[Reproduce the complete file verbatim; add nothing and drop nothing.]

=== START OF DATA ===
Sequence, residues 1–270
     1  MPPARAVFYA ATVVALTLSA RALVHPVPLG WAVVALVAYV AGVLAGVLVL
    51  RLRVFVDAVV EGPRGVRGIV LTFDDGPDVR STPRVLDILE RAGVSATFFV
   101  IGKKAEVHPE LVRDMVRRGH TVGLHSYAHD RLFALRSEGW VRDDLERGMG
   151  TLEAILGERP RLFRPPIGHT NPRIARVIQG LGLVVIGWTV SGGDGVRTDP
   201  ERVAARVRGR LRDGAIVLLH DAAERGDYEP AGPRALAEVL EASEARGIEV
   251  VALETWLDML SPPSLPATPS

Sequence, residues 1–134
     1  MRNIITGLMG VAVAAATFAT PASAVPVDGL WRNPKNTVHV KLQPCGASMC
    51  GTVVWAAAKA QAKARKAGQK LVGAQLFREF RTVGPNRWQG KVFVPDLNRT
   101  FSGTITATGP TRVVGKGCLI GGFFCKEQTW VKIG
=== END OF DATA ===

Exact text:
Sequence, residues 1–270
     1  MPPARAVFYA ATVVALTLSA RALVHPVPLG WAVVALVAYV AGVLAGVLVL
    51  RLRVFVDAVV EGPRGVRGIV LTFDDGPDVR STPRVLDILE RAGVSATFFV
   101  IGKKAEVHPE LVRDMVRRGH TVGLHSYAHD RLFALRSEGW VRDDLERGMG
   151  TLEAILGERP RLFRPPIGHT NPRIARVIQG LGLVVIGWTV SGGDGVRTDP
   201  ERVAARVRGR LRDGAIVLLH DAAERGDYEP AGPRALAEVL EASEARGIEV
   251  VALETWLDML SPPSLPATPS

Sequence, residues 1–134
     1  MRNIITGLMG VAVAAATFAT PASAVPVDGL WRNPKNTVHV KLQPCGASMC
    51  GTVVWAAAKA QAKARKAGQK LVGAQLFREF RTVGPNRWQG KVFVPDLNRT
   101  FSGTITATGP TRVVGKGCLI GGFFCKEQTW VKIG